A healthy church is a church that multiplies. Why? Because that displays the very character of God. John 3:16 captures this great heart of God detailing a love that expands boundaries and reaches out to the world. As the church increases, the heart of God is witnessed by the watching world.
Luke paints this picture in the narrative of Acts. Listen to the language threading together God’s love and an ever increasing Church:
And the Lord added to their number daily those who were being saved (Acts 2:47).
So the word of God spread. The number of disciples in Jerusalem increased rapidly, and a large number of priests became obedient to the faith (Acts 6:7).
Then the church throughout Judea, Galilee and Samaria enjoyed a time of peace and was strengthened. Living in the fear of the Lord and encouraged by the Holy Spirit, it increased in numbers (Acts 9:31).
But the word of God continued to spread and flourish (Acts 12:24). So the churches were strengthened in the faith and grew daily in numbers (Acts 16:5).
In this way the word of the Lord spread widely and grew in power (Acts 19:20).
He proclaimed the kingdom of God and taught about the Lord Jesus Christ—with all boldness and without hindrance! (Acts 28:31).
But this description of God goes far beyond the gospels and the chronicling of the early church. The prophets capture the heart of God for His people:
Enlarge the place of your tent, stretch your tent curtains wide, do not hold back; lengthen your cords, strengthen your stakes (Isaiah 54:2).
Ultimately, this mission to multiply goes all the way back to the beginning, where God creates and sends His people to accomplish His purposes:
As for you, be fruitful and increase in number; multiply on the earth and increase upon it (Genesis 9:7).
I n other words, as the great missionary and writer Roland Allen wrote: “The Church was first established and organized with a world-wide mission for a world-wide work.” This mission and work is more than a strategy: It's a cooperation with the Holy Spirit to display the heart of God.
As it relates to growing and multiplying churches, let’s state from the outset what we are not saying: God’s heart for adding to the number daily those who are being saved is not a small group formula for growing and then dividing groups in half.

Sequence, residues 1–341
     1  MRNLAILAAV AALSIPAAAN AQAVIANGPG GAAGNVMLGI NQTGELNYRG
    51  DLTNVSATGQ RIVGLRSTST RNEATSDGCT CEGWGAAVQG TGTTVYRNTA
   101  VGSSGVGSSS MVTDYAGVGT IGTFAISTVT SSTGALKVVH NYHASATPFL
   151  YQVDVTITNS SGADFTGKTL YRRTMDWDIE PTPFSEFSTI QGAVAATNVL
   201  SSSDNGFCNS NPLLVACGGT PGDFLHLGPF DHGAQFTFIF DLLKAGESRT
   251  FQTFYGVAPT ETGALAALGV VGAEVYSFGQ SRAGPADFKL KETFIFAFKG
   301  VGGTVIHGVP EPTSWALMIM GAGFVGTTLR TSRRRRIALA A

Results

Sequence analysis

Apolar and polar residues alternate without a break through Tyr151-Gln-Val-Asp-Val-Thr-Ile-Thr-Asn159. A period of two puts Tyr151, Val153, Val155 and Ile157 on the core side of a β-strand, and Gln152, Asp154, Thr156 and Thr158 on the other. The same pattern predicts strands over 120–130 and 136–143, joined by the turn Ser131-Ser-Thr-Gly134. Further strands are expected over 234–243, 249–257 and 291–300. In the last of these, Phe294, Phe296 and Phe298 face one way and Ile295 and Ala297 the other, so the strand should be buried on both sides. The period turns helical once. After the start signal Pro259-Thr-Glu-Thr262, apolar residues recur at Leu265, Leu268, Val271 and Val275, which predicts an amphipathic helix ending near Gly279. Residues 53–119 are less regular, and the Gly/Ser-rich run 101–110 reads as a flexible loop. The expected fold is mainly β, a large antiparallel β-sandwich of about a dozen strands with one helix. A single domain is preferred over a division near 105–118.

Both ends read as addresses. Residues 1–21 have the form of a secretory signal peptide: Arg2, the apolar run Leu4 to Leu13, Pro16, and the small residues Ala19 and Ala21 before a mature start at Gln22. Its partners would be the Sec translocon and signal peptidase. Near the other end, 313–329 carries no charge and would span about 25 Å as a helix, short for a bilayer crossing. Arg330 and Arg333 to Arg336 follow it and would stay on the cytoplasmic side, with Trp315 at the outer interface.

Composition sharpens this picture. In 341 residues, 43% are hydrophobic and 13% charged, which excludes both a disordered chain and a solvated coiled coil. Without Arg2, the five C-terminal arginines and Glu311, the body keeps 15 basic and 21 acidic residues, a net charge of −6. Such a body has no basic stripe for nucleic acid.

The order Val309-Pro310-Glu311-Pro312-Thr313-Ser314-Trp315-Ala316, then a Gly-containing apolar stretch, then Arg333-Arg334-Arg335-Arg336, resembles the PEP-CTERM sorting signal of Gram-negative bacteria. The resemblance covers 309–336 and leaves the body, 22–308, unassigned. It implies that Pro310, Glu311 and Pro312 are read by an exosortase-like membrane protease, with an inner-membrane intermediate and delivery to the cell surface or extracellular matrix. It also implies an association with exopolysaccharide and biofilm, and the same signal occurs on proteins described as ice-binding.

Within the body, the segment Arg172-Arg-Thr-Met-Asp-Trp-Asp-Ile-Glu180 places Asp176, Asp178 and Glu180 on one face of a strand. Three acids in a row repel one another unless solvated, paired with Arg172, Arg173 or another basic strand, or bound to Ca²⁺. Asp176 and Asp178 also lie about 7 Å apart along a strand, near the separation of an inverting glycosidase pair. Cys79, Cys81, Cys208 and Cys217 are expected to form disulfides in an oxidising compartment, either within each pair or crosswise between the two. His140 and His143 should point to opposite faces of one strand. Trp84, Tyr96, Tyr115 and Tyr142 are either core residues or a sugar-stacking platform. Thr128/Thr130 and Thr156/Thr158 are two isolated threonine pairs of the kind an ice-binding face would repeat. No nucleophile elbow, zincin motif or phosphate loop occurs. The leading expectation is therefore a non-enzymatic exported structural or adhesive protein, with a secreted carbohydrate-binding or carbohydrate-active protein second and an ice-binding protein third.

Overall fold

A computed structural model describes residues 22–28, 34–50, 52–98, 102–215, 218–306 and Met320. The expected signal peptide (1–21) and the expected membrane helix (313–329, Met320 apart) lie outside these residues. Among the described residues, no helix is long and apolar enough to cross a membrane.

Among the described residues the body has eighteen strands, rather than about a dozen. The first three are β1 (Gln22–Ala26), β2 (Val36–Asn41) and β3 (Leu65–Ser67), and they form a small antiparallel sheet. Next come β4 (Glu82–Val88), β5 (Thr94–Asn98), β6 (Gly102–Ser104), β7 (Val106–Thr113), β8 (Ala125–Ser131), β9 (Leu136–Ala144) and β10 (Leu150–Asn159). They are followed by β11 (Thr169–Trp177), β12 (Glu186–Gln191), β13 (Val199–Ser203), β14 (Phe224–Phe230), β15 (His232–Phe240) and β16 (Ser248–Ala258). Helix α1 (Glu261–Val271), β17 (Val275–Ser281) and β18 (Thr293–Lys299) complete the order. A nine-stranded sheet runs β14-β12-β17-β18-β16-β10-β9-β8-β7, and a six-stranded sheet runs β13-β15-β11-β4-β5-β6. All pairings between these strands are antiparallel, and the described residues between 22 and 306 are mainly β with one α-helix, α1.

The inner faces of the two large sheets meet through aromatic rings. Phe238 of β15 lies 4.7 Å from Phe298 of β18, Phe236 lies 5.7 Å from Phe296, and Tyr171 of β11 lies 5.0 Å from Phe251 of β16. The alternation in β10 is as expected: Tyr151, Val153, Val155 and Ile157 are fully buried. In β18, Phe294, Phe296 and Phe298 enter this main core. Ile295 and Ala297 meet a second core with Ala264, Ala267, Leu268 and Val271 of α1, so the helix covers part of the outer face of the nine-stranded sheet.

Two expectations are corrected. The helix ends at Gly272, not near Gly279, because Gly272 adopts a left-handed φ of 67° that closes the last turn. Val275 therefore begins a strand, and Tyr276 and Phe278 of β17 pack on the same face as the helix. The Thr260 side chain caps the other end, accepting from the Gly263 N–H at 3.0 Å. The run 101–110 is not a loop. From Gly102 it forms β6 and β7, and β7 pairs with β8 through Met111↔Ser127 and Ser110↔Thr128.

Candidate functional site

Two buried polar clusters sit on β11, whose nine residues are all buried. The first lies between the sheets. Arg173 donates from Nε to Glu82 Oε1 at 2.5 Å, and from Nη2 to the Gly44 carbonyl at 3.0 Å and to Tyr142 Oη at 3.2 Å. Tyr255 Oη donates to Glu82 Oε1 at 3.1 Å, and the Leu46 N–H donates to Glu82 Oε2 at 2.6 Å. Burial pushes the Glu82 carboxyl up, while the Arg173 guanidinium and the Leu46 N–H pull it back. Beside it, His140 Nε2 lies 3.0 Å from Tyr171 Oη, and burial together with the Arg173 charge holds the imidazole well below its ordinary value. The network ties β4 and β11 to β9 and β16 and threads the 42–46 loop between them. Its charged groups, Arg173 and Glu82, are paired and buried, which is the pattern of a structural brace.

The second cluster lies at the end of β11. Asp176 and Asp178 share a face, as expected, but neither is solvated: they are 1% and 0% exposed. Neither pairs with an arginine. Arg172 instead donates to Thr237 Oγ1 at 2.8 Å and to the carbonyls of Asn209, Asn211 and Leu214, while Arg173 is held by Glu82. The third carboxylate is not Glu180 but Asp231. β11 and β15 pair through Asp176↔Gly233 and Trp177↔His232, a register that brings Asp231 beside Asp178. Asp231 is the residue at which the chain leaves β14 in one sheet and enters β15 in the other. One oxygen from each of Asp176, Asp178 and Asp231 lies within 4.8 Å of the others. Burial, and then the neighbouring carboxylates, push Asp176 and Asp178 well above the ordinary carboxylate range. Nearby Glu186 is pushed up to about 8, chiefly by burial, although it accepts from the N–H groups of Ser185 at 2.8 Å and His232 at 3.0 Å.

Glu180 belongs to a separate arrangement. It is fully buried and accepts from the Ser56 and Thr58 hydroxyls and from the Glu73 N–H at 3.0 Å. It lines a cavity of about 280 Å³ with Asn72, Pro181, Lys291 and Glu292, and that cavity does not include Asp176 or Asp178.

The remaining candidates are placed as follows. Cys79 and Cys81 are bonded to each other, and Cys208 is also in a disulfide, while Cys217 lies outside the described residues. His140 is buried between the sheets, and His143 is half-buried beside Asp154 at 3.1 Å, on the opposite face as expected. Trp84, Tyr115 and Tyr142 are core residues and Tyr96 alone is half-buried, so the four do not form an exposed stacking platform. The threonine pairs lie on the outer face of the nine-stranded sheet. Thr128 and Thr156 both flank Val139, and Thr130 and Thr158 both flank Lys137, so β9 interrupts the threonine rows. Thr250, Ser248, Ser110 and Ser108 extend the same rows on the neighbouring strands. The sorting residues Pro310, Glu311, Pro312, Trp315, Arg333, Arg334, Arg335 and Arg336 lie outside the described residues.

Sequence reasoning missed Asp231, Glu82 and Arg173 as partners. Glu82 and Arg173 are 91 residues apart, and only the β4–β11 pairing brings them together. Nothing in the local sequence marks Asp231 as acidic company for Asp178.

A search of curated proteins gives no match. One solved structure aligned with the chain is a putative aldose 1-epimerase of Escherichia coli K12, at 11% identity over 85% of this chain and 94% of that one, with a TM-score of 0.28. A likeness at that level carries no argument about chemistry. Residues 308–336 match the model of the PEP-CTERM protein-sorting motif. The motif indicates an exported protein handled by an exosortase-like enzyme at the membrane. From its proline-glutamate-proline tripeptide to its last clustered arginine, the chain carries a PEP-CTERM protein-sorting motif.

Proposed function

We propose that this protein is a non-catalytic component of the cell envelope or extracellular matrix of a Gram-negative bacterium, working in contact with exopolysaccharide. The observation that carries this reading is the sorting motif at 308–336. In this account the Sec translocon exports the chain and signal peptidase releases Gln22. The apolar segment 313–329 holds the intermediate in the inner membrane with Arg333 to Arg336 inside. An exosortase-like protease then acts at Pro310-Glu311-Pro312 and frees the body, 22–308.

There is a prevalent model of church growth that says "when you reach a certain number, you need to split the group in half. Repeat. Repeat." This is why people often hear "division" when we say "multiplication". Division is not the distributed church strategy. Meaningful relationships often take years to develop and are forged in the trenches of shared purpose. We value those relationships and don't want to split those save for a unique calling of God. A distributed church needs to be mission oriented, understanding that community is something to be shared not protected, but spontaneous expansion, whether through people joining the church or starting new churches, need not threaten valuable relationships of support and encouragement.
Likewise, spontaneous expansion or multiplication is not a strategy for the large church to funnel new people into small groups. As new people attend weekend services, many will naturally want to get involved. The answer is not in connecting new people into a Distributed Church in which they have no relationships. Other steps have been created to help those new people join one of Northland’s churches.
Spontaneous expansion can happen in several ways. None of which are mutually exclusive.
The initial distributed church and new distributed church stay connected via the Cluster, except in unique circumstances. In fact, churches multiplying is the primary reason a Cluster forms. The Cluster can gather periodically, and leaders can stay connected on an ongoing basis. The Cluster structure provides shared leadership and oversight in the network and increases the ability to mobilize resources in response to need or opportunities. This structure also allows for even new believers to get churches started, a major catalyst for spontaneous expansion.